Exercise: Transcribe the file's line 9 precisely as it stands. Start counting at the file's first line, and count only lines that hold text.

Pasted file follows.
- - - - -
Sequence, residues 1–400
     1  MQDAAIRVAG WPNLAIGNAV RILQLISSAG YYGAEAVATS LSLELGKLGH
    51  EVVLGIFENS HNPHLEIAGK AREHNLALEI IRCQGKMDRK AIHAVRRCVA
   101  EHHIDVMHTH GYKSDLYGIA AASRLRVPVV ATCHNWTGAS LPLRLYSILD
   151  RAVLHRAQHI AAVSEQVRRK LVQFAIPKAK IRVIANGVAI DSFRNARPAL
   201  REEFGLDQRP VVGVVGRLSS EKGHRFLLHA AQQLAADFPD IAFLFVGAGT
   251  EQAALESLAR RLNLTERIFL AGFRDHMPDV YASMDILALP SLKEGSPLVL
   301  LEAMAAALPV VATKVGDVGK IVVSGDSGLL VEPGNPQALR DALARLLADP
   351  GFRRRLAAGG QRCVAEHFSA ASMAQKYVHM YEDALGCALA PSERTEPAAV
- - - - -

   351  GFRRRLAAGG QRCVAEHFSA ASMAQKYVHM YEDALGCALA PSERTEPAAV